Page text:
The presentation of the game is solid with a great user interface across various menus such as the main menu, online multiplayer menus, local multiplayer versus menus, extra menus, options menus and gameplay menus with support for navigation via the left analogue stick, directional pad and face buttons, although it does not include support for navigation via the right analogue stick and touch pad. The background of the main menu showcases one of the stages during heavy rain, while images representing each of the characters scroll during mode and character selection menus. During matches, a stereo at the bottom of the screen featuring a graphic equaliser; does not only inform players of the artist performing the current song, but also the amount of time elapsed in the match and most impressively of all, the current speed of the ball.

Voice-overs include an announcer informing the players to “Get ready” and “Play ball” in the build up to matches, “Game!” at the end of a match followed by a taunting dialogue such as “Hardly worth my time” stated by the winner of the match as well as grunts, groans and humorous reactions to being hit by the ball from those participating during matches. Sound effects include striking, bunting and smashing the ball, performing a special attack and the ball rebounding off surfaces; which are complimented by catchy dance and funk music. There is no DualShock 4 speaker implementation which is surprising as it could have produced voice-overs from the announcer and participating characters or sound effects.

The trophy list includes 13 trophies with 9 bronze trophies, 3 silver trophies and 1 gold trophy. Easier trophies include the Lethal Rivals bronze trophy for rallying the ball back and forth at least 10 times and the 1st Division bronze trophy for playing 100 matches. Harder trophies include the Full House silver trophy for beating the challenge mode with every character and the Doombox Slam Dunk gold trophy for beating the challenge mode without using any continues. It is estimated that depending upon skill and a good trophy guide to provide some helpful tips that it would take around 10 hours to 100% the trophy list.

There are no difficulty levels, but the difficulty curve revolves around your hand-to-eye co-ordination in relation to accurately swinging at the ball; particularly when the ball is moving at excessively high speeds as the ball’s movement increases in pace for every occasion it is struck, while the A.I. controlled opponents in challenge mode become gradually harder to defeat with each round that you manager to progress onto.

Local competitive and co-operative multiplayer for 2 to 4 players spread throughout 3 fun modes including free for all in which every player aims at another player, while team is a 2 vs. 2 competitive yet simultaneously co-operative match as both teams vie to destroy their opponents, alongside strikers which sees each player attempting to score goals for their respective team in a 1 vs. 1 or 2 vs. 2 match by hitting the target to progress towards being the first team to reach 10 goals.

Online multiplayer allows players to select their own preferred search criteria such as 1 vs. 1 or free for all mode in quick match, while host game creates your own online lobby to invite friends into and wait for players to join, alongside the inclusion of in-game network settings such as automatic or manual which comprises of a customisable input delay that tailors the online multiplayer experience to compensate for network latency in order to produce a performance that is as close to the quality of the single player and local multiplayer as possible. However, a second or third player cannot locally join the online lobby; therefore requiring a player searching for a match or creating an online lobby to wait for a potentially disappointing period of time before being able to participate in an online multiplayer match.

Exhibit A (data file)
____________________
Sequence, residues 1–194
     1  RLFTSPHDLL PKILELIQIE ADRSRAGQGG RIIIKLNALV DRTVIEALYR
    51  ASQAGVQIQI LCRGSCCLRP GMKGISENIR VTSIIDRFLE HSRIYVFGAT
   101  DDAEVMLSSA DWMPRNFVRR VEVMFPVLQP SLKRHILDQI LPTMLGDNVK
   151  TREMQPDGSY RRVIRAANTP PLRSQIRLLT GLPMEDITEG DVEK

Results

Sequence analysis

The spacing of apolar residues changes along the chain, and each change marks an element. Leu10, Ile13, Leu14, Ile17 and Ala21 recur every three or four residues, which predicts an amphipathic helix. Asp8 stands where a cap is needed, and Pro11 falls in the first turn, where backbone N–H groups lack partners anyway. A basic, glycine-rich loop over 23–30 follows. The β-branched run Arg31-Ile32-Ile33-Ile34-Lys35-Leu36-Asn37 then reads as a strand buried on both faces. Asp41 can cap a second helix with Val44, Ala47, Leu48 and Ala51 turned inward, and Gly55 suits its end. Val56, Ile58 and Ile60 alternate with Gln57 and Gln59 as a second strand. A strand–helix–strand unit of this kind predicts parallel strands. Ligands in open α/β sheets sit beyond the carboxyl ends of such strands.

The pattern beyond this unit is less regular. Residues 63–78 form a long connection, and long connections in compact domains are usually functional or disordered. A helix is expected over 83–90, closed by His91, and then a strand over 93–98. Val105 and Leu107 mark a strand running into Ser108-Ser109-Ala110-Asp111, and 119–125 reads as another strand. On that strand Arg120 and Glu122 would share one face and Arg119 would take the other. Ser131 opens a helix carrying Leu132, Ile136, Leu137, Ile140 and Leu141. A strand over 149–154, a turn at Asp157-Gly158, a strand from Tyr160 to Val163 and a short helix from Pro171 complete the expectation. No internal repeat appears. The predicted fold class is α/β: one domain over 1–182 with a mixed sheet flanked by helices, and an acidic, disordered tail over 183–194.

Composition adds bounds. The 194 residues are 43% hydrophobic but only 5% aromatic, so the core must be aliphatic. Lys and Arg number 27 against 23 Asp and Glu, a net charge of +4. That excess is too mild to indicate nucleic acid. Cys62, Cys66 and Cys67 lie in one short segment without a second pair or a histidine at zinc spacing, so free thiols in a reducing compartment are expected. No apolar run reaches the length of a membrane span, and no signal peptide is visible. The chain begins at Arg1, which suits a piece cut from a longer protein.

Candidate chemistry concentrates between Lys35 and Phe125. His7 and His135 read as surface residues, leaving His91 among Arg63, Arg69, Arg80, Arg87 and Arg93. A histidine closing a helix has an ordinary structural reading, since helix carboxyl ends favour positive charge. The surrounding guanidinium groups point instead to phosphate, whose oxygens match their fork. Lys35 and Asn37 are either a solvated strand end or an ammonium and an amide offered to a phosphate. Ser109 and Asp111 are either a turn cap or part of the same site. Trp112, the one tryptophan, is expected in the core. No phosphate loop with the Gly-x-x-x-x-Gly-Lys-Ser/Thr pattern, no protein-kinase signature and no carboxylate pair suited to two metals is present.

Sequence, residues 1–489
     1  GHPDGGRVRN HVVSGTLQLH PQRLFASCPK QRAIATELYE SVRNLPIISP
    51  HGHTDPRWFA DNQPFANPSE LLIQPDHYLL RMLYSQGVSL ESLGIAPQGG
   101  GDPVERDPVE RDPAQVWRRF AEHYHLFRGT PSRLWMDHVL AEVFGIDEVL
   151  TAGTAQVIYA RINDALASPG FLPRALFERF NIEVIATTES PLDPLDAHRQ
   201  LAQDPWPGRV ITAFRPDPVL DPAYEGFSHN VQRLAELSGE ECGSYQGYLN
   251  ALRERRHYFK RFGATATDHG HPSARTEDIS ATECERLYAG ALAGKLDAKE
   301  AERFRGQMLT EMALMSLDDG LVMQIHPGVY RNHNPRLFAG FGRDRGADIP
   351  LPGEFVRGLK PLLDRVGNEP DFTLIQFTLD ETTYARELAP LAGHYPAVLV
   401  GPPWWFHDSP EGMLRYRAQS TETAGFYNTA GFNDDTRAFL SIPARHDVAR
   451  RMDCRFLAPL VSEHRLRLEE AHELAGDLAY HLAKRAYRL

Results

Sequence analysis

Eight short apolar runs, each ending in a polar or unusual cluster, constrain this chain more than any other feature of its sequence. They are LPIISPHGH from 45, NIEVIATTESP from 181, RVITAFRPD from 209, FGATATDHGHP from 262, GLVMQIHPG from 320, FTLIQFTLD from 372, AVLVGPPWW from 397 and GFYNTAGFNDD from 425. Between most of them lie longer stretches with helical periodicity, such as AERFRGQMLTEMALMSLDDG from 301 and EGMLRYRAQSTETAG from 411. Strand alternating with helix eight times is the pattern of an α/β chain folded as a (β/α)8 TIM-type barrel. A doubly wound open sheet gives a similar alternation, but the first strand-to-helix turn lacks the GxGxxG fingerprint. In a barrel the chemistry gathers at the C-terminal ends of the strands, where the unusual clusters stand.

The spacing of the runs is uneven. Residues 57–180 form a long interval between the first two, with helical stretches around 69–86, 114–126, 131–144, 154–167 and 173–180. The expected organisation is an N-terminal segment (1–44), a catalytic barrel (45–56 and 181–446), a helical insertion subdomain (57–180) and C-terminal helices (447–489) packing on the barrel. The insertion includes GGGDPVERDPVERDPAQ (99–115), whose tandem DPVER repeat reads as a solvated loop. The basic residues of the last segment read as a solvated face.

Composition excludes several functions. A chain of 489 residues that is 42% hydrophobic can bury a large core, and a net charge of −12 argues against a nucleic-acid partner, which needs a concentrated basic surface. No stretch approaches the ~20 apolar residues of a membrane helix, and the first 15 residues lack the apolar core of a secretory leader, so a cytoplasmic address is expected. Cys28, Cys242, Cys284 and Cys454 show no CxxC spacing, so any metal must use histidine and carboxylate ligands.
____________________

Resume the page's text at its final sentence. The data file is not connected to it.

There are no online leaderboards, although perhaps some creative uses could have seen an online leaderboard for the fastest movement speed of the ball after the player had their final swing at the ball in what would be a true test of endurance, while there also could have been a wins and losses online leaderboard.

Replayability stems from learning how to strike the ball accurately when moving at high speeds, local and online competitive and co-operative multiplayer for 2 to 4 players, a 10 match challenge mode and unlockable character skins earned as rewards for levelling up which will collectively have players returning for quite some time as there is definitely a one more match kind of attractive gameplay.

Analysis
• Title: Lethal League
• Developer: Team Reptile
• Publisher: Team Reptile
• System: PS4
• Format: PSN Download
• Cross-Buy: No
• Cross-Play: No
• Players: 1-4 (Local and Online Competitive and Co-operative Multiplayer)
• Hard Drive Space Required: 537.7MB (Version 1.01)

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Jason
Jason plays all genres of games and enjoys all different kinds of experiences that the games industry has to offer. Jason’s favourite PlayStation exclusive franchises throughout various eras include: Crash Bandicoot, God of War, Gran Turismo, inFamous, Killzone, Little Big Planet, MotorStorm, Resistance, Spyro the Dragon, Uncharted, Wipeout and various games that never became big name franchises. A special mention goes to Black Rock’s superb Split Second: Velocity as it is rather unbelievable that it will never receive a sequel. Jason now mainly plays modern PlayStation games on home console and portably, but occasionally returns to the old retro classics on the 3DO, PS1 and PS2 such as discovering Cool Spot Goes to Hollywood 20 years after its original release on PS1. Jason is happy to see gaming coming full circle with updates for retro classics such as Alien Breed, Superfrog and Crash Bandicoot.